Royal Philips has made moves on a couple of fronts this week. It launched its heart attack test for its handheld diagnostic device after gaining a CE mark. And it also successfully executed an IPO for its lighting business that valued the company at almost $4 billion.
Several tests exist to detect atherosclerosis, the plaque buildup in arteries that can lead to heart attack and stroke, but each has its limitations. NIH-supported labs at UC Irvine and the University of Southern California have combined two types of imaging to create a promising new method to identify atherosclerotic plaques.
Scientists at the German Heart Center at TU Munich along with an international group of academic collaborators have found a gene mutation that may reduce the likelihood of a heart attack by 50%. The findings could lead to a new medicine that mimics the effects of the mutation, conferring protection against a heart attack.
A team at Stanford University School of Medicine has pinpointed a class of immune cells that may be the key drivers of coronary artery disease (CAD). The findings from this study may present a new strategy to target CAD--a disease that causes over a half of all deaths in the U.S.
Curbing the risk and incidence of Type 2 diabetes has long been a reason patients turn to bariatric surgery. Now, three physician groups have joined together to publish a scientific statement in support of the use of bariatric surgery to enable the obese to improve cholesterol and lipid levels, which are risk factors in heart disease.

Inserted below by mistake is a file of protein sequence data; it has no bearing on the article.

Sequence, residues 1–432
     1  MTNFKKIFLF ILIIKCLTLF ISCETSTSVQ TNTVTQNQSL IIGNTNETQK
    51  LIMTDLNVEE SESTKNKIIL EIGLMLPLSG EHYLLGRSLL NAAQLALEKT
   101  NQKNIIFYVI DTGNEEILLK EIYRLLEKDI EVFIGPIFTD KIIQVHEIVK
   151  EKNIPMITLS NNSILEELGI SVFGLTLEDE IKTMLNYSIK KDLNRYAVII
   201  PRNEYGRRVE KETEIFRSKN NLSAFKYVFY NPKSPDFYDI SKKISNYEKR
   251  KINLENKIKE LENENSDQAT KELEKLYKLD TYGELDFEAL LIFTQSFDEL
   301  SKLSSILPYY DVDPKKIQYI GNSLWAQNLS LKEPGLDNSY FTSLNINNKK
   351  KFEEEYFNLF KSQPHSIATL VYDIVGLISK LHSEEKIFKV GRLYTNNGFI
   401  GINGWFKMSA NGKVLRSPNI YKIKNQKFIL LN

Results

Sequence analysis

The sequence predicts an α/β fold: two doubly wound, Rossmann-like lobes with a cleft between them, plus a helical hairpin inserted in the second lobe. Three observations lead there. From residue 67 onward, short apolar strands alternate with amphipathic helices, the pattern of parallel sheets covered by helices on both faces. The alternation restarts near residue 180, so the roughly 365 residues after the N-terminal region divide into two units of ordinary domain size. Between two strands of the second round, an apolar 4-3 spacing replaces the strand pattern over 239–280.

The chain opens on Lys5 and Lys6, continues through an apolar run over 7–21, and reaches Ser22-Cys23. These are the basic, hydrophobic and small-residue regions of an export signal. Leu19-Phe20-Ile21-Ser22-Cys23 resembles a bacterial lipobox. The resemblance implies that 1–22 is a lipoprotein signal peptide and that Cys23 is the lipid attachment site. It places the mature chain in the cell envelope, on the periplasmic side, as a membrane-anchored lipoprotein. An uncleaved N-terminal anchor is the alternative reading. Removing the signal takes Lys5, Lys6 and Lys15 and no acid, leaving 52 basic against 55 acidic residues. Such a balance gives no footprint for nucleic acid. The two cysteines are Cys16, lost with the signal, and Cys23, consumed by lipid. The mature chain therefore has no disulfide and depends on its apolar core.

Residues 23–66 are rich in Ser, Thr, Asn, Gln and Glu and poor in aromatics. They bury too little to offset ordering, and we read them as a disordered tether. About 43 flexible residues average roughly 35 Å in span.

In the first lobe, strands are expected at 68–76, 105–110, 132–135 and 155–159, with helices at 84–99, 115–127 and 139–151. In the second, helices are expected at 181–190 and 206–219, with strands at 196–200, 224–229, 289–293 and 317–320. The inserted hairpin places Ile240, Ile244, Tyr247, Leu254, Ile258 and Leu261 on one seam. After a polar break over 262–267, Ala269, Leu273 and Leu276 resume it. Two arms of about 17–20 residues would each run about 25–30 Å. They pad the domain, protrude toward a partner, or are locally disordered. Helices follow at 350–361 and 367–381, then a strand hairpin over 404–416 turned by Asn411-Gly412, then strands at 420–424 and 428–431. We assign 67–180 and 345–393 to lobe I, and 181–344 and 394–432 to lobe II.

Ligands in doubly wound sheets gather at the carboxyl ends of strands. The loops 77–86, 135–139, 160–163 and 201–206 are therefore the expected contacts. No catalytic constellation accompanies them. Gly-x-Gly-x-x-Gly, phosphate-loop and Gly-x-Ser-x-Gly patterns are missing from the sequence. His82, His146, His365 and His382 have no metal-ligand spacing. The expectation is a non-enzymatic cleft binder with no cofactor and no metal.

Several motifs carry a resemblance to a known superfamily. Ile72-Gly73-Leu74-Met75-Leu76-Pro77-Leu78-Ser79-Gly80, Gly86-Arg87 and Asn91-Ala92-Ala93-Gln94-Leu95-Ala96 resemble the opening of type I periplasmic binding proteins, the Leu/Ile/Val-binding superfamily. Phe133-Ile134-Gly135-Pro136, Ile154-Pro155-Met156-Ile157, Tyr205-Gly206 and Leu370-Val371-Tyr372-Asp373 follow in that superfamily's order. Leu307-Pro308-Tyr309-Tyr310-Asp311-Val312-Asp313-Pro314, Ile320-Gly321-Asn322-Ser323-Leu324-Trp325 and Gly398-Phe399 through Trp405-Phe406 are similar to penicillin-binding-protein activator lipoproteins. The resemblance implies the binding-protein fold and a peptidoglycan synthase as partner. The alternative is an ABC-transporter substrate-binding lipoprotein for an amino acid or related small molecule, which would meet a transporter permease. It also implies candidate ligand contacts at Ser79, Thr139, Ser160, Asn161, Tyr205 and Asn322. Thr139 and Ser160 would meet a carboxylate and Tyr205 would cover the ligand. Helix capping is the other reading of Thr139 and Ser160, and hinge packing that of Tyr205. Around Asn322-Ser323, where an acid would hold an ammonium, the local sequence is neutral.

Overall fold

Amid a growing body of research on heart health devices and blood pressure monitoring, a new report from Blue Cross Blue Shield shows that women undergo fewer diagnostic procedures and treatments following a heart attack than men.
The National Institutes of Health called an early halt for an enormous, 9,300+ person trial examining the role of blood pressure intervention due to significant preliminary results. The U.S. agency found that maintaining systolic blood pressure at a lower level than current recommendations reduces rates of heart disease and the risk of death.
Infraredx will be acquired by its Japanese partner and investor Nipro. The pair had an exclusive 5-year distribution deal in Japan for the company to sell the startup's cardiac imaging system. Nipro has already gained Japanese approval for the NIRS-IVUS True Vessel Characterization Imaging System from Infraredx to find cholesterol-rich, lipid core coronary plaques that are thought to precipitate heart attack.
AstraZeneca's Brilinta can now be crushed and mixed with water or delivered through the nose via a tube, the FDA said, in a move designed to help patients who are unable to swallow the 90-mg tablets whole.
By switching on a protein in the heart, scientists may be able to improve recovery in patients that have just endured a heart attack.